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Impulse-Controlled Sequential Switch Without Active Electronics

Jan. 23, 2019
This circuit uses two electromechanical relays to realize a sequential switch that’s permanently resistant to electrical disturbance, remembering its state despite power failure and consuming energy only when it’s switched from one state to the other.

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I know, I know—discussing the subject of a relay-based sequence switch in the age of omnipresent microprocessors seems to be a waste of time. After all, relays have been in use for many years. Is it possible to create something new from these already well-known relays? I tried many years ago, and I think that I succeeded.

I admit that this project is late by about 70 years, but I think its clarity of structure and operation deserves some attention. The first thing that makes it stand out is the fact that despite executing the function of a logic circuit, it does not use active electronic elements. In addition, despite the simple structure, it possesses features of much more complex digital systems.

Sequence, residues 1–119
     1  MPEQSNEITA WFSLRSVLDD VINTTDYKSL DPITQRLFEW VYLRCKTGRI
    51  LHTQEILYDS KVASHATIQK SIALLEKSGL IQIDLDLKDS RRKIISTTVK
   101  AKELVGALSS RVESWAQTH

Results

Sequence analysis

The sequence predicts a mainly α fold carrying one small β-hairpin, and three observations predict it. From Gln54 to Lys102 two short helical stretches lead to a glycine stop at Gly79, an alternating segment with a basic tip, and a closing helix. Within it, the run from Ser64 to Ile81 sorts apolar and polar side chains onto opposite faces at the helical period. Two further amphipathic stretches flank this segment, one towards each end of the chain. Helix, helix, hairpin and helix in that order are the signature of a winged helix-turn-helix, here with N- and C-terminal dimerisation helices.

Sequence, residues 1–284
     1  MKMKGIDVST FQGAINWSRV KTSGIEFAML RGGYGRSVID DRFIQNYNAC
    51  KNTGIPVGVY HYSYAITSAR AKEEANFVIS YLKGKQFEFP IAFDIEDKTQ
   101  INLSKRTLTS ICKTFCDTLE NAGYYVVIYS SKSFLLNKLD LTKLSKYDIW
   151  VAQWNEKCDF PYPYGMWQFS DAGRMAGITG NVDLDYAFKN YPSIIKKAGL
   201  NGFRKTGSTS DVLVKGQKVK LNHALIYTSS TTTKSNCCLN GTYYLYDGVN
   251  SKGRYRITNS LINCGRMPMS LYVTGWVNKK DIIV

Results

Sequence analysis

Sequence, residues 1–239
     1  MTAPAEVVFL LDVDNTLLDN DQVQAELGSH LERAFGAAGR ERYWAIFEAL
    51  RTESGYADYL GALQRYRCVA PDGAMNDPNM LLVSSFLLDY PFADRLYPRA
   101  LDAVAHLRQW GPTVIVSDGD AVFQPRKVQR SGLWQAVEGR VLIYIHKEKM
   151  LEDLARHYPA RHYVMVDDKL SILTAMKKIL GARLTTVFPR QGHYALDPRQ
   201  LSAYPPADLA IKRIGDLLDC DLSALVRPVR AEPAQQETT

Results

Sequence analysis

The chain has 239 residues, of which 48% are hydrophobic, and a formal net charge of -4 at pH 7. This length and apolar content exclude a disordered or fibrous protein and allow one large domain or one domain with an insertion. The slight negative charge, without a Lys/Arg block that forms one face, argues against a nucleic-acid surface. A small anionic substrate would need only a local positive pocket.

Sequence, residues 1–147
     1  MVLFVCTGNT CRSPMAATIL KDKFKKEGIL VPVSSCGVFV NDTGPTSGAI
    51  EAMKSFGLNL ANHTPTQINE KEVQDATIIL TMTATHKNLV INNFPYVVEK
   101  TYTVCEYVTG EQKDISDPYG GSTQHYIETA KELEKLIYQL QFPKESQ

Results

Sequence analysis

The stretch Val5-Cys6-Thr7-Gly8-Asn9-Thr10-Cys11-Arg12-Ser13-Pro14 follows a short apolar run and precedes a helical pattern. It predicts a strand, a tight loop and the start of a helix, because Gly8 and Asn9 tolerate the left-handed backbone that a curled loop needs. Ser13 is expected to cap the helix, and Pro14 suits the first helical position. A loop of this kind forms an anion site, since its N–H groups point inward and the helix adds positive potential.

The sequence switch, built on two-coil bi-stable relays, is partially a development of the article “Relay-Based ON/OFF Flip-Flop Remembers State During Power Failure.” In that Idea for Design article, the author, Tommy Tyler, presented a relay-based flip-flop circuit, the trigger concept of which is quite similar to my idea submitted to the Polish Patent Office over 20 years ago (Fig. 1).

1. This pulse-controlled circuit of a dual-coil bi-stable relay performs an ON/OFF function, remembers the state during power failure, and is permanently jam-proof. Component values aren’t critical.